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  • http://clientandserver.com dw

    There’s been talk for a number of years about PC(USA) letting the More Light churches leave with their property and pensions. It’s never really bubbled beyond a few Presbyterians talking over coffee, but it makes sense to a lot of people. The More Light movement only encompasses a few percentage points of the overall PC(USA) body, and these churches aren’t showing that much growth (though, honestly, they’re growing in a church that’s shedding 50K members a year.)

    The problem is that it’s a panacea; it won’t fix the underlying problems of Amendment B and the forthcoming 30th Annual Let’s Spend A Day At General Assembly Ripping Our Hair Out Arguing Over The Role Of Gays And Lesbians In The PC(USA) Variety Show Spectacular. Taking out the vocal 2% will only mean you’re shifting forward the not-as-vocal 20% to continue the arguing.

    PC(USA) is the last mainline denomination with a majority non-liberal population. The church is dominated by some behemoth evangelical congregations, esp. in the West, and so long as that trend remains the fighting will continue.

  • http://www.tmatt.net Tmatt

    Because why? Because the progressives hold the denominational switches and the seminaries?

  • http://clientandserver.com dw

    Because of the nature of how things are approved within PC(USA). General Assembly does not have final say; the synods have to approve actions taken by GA. Most all synods handle the voting with a representative format — the more members you have, the more votes you get.

    Keep in mind, though, that there’s a disconnect between the leadership and the rank-and-file. The church itself is controlled by liberals, and most of the seminaries are firmly in the mainline to liberal bent. GA usually ends up approving proposals that are on the liberal side of things. The synods and presbyteries, packed with evangelicals and progessives, shoot the proposals down like so much skeet. Then, like Sisyphus, you start all over again next GA.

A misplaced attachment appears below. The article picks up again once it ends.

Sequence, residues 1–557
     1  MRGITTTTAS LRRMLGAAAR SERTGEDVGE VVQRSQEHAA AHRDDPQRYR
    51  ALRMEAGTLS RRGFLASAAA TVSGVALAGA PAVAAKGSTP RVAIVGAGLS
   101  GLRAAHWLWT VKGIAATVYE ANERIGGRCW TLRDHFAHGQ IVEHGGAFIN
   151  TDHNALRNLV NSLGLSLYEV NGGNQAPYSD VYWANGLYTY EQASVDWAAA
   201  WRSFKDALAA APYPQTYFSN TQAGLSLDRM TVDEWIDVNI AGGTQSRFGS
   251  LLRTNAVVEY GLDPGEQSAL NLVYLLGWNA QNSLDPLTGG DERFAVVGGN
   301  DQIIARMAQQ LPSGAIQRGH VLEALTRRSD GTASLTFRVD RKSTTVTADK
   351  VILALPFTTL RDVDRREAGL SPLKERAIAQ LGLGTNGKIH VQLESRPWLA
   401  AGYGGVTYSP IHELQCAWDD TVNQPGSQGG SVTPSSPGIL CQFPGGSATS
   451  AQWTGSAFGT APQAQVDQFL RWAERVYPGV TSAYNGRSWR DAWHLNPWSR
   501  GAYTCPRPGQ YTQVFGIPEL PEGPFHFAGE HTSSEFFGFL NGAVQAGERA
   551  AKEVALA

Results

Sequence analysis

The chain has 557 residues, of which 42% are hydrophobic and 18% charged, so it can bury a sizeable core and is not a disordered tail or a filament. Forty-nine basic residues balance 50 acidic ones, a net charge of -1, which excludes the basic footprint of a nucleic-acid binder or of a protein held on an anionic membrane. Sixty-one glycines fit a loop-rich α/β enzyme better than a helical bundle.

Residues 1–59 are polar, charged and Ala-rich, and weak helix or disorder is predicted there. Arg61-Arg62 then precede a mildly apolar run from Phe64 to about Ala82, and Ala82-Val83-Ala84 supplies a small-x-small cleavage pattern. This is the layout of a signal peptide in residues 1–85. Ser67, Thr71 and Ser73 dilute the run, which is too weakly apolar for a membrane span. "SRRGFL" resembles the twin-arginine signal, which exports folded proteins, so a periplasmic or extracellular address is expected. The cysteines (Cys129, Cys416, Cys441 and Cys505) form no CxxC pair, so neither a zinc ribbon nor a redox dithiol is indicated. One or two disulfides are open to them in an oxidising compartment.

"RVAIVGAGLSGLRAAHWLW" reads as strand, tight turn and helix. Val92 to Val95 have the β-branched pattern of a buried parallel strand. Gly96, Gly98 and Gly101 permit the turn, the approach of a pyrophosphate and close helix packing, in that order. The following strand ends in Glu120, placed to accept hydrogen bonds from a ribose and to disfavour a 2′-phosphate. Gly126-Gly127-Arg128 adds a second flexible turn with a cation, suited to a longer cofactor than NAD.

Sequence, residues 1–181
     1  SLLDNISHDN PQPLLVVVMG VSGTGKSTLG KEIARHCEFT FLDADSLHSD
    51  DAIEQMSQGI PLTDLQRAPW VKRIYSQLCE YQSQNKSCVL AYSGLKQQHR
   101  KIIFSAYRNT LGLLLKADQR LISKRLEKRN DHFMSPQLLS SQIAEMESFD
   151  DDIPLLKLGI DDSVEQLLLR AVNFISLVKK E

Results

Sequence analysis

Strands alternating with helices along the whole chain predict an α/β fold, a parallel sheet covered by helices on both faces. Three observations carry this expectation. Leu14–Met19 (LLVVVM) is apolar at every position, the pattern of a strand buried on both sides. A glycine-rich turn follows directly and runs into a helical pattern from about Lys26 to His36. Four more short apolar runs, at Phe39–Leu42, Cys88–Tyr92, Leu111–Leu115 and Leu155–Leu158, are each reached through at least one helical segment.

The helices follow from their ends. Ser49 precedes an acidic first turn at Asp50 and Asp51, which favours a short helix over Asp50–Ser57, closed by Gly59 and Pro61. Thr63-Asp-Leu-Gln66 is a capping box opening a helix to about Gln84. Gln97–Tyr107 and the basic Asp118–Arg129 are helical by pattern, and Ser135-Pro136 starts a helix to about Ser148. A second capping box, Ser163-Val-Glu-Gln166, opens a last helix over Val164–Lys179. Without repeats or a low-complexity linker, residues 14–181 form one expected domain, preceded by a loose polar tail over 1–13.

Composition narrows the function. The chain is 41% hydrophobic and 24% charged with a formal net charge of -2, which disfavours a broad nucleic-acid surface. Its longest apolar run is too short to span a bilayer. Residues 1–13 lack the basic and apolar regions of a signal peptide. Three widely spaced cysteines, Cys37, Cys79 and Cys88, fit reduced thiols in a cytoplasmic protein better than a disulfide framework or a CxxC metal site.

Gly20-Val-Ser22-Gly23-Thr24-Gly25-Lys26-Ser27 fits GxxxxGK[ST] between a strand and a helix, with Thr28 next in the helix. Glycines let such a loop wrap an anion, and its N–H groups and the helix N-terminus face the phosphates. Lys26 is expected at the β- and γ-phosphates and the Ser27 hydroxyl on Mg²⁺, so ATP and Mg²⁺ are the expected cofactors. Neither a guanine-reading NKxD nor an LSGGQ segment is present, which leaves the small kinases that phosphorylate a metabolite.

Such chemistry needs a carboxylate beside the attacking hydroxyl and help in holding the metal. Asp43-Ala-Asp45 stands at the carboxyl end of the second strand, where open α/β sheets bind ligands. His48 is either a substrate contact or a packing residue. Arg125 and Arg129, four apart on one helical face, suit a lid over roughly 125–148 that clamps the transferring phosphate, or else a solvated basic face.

PC(USA) has been shedding members, but it’s mostly attrition. The evangelical churches in the West and Southwest have been adding members, and in a few presbyteries there’s been a net gain as a result. At the same time, you have an unusually large for a mainline sub-40 population that is progessive to liberal. I think there’s an expectation on both sides of the gay and lesbian debate that attrition will give them a majority, but I don’t see there being a resolution to the debate for at least another decade.

  • MrAcheson

    Wonder if a split in the PCUSA would result in a bigger PCA or another new Presbyterian denomination. Or both or neither.

    I stopped being a Presbyterian a long time ago and went Baptist. Too much church politics. Politics gets in the way of the working of the Lord, perhaps thats part of Hinson’s motivation for calling for a split.

  • http:titusonenine.classicalanglican.net Kendall Harmon

    As I wrote on my blog: “It is bad reporting to describe what the reasserters are doing as `building support among local congregations for a schism.` What a small number of reasserters intend, as was made clear in Pittsbrugh, was to argue for the value of amicable separation. This view represents only a minority voice, and was overwhelmingly defeated.”

    Hinson didn’t suggest a schism, he suggested an amicable separation because he sees the fight continuing and sapping vital strength needed for mission and other priorities. Without this proposal he sees methodism headed for a painful and costly divorce. Many media reports had the conservatives seeking schism–quite incorrect.

  • JW

    Hinson is not a Presbyterian. He is an United Methodist. Was that not clear?

  • MrAcheson

    I realize Hinson is UMC, but politics is politics at some point. Similar things may be going on in the two denominations.